As one reviewer wrote, “My War-My Love could not, by its very nature, end altogether happily, but the film can be regarded as life-affirming.”
That film was my first visual introduction to the horrors of war, a topic that was to dominate my own future for the next 30 years to come. In that Sri Lankan war, child soldiers several years younger than the film’s character Marek would play a prominent role.
At a far more personal level, I had never been in love when I saw My War-My Love. In the three decades to follow, I would fall in love three times — and lose out every time, though for very different reasons (none of which involved ‘my’ war). I must now carry the pain of these lost loves for the rest of my time. But that is another story…
Thanks to the wonders of Google, I’ve been able to track down some specifics about the film. It was directed by Janusz Nasfeter (1920 – 1998), a versatile Polish film maker whose career in writing and directing films spanned from the late 1940s to the early 1980s. He was 19 when the Germans came marching in.
I haven’t seen any of these other Polish films, and even My War-My Love is now only a distant memory. But as a moving image creation that moved my life in a certain direction, it would always have a special place in my heart.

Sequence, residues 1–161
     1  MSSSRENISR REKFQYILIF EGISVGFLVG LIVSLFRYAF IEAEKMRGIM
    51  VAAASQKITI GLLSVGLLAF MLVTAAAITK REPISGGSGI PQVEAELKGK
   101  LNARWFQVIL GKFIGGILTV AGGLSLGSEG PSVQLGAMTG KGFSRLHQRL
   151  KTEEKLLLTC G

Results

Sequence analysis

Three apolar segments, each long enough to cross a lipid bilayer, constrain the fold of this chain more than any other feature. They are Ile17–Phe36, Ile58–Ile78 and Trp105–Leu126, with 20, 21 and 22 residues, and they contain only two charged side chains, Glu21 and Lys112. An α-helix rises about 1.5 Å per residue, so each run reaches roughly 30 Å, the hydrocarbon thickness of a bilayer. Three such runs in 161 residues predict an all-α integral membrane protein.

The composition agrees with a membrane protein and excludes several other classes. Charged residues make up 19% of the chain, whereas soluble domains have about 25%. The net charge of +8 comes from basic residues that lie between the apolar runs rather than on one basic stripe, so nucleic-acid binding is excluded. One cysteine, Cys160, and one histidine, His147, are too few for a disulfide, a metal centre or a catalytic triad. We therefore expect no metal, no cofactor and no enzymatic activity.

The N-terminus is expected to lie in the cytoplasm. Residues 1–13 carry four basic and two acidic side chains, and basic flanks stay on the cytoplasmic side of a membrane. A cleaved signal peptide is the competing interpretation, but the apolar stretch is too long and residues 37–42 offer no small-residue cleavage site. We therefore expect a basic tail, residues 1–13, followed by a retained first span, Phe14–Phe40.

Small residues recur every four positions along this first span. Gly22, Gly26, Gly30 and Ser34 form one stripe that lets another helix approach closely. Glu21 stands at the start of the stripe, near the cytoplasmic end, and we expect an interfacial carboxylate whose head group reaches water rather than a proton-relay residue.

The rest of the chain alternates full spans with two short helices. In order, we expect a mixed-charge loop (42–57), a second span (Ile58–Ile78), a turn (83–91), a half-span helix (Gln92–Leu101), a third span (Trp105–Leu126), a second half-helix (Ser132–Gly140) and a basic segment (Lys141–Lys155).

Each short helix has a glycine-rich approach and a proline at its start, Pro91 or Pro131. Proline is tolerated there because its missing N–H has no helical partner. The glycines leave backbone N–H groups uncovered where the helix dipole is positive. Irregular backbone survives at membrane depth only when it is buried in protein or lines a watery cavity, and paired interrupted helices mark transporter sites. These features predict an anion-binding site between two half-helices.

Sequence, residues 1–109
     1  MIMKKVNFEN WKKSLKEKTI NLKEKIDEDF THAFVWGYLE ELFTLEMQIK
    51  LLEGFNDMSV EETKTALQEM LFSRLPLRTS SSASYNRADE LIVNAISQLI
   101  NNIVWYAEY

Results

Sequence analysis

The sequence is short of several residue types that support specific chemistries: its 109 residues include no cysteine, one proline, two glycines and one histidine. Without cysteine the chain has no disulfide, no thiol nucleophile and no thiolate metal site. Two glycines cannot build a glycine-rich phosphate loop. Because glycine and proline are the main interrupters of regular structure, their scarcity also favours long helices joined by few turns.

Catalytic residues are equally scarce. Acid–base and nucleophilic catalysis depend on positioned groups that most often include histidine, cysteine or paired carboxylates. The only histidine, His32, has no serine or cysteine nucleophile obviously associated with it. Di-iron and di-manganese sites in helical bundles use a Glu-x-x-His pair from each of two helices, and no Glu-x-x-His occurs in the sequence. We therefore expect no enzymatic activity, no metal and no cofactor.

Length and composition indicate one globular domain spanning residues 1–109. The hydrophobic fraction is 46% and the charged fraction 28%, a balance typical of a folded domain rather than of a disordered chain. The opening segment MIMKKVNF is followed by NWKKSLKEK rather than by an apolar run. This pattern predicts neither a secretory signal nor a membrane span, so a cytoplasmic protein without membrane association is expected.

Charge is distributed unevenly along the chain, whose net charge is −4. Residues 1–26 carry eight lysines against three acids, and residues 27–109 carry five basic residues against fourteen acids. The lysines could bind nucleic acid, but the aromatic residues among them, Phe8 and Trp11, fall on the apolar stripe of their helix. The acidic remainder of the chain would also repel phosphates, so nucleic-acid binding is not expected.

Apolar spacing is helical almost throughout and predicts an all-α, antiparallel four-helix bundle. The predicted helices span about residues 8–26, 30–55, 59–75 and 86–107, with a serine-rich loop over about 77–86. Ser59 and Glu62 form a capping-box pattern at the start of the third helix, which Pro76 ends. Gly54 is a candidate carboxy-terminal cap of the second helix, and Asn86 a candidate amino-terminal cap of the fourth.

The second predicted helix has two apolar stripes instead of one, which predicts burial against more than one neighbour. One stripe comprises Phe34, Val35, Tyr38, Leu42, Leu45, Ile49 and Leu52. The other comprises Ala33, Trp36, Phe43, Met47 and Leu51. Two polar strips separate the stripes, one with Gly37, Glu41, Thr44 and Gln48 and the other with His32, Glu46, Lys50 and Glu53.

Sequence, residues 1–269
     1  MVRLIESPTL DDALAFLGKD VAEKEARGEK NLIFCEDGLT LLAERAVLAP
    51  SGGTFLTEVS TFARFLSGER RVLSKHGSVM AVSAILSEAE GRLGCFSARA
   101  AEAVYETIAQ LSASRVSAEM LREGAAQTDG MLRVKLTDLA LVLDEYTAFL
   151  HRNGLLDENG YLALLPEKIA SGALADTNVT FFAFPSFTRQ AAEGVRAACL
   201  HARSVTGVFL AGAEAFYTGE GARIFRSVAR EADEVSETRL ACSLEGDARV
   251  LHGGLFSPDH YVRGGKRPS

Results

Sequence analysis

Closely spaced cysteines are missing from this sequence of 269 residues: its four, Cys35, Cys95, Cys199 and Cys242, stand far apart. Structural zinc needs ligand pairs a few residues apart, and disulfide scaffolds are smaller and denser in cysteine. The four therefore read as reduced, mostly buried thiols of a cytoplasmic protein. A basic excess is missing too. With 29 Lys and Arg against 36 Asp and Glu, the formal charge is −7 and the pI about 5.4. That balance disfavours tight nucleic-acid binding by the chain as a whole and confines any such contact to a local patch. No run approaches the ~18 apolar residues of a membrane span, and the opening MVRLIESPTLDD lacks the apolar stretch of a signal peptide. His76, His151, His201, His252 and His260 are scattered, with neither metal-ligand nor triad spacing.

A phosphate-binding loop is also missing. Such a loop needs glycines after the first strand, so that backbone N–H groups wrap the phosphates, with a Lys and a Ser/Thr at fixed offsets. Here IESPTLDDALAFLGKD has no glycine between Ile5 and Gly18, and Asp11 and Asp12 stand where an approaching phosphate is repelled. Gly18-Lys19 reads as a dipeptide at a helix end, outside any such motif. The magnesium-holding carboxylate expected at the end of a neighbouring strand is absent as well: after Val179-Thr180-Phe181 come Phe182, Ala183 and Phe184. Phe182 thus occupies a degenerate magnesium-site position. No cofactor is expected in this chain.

It’s a show called the XYZ Show, broadcast weekly on Kenya’s Citizen TV. Started in mid May 2009, the first season introduced Kenyan viewers to a new form of satire television, with life-sized puppets made to resemble famous persons, mostly politicians.
Now comes the report that the show has riled some Kenyan politicians – surprise, surprise! I have only just come across this Citizen TV news report, broadcast a couple of weeks ago:
Controversy Over The XYZ Show
The satirical puppet show XYZ on Citizen Television every Sunday night, has attracted the attention of non other than the Public Service Minister Dalmas Otieno. The Minister says the caricature show is depicting politicians in bad light. The Director of Communication Ezekiel Mutua avers that, the show is representative of just how free the media is, in Kenya.
Well, what can we say? We thought politicians in general had thicker skins. Perhaps some Kenyan politicians are in danger of forgetting that timeless piece of Swahilian advice: Hakuna matata!
Hakuna matata is a Swahili phrase that is literally translated as “There are no worries”. It is sometimes translated as “no worries”, although is more commonly used similarly to the English phrase “no problem”.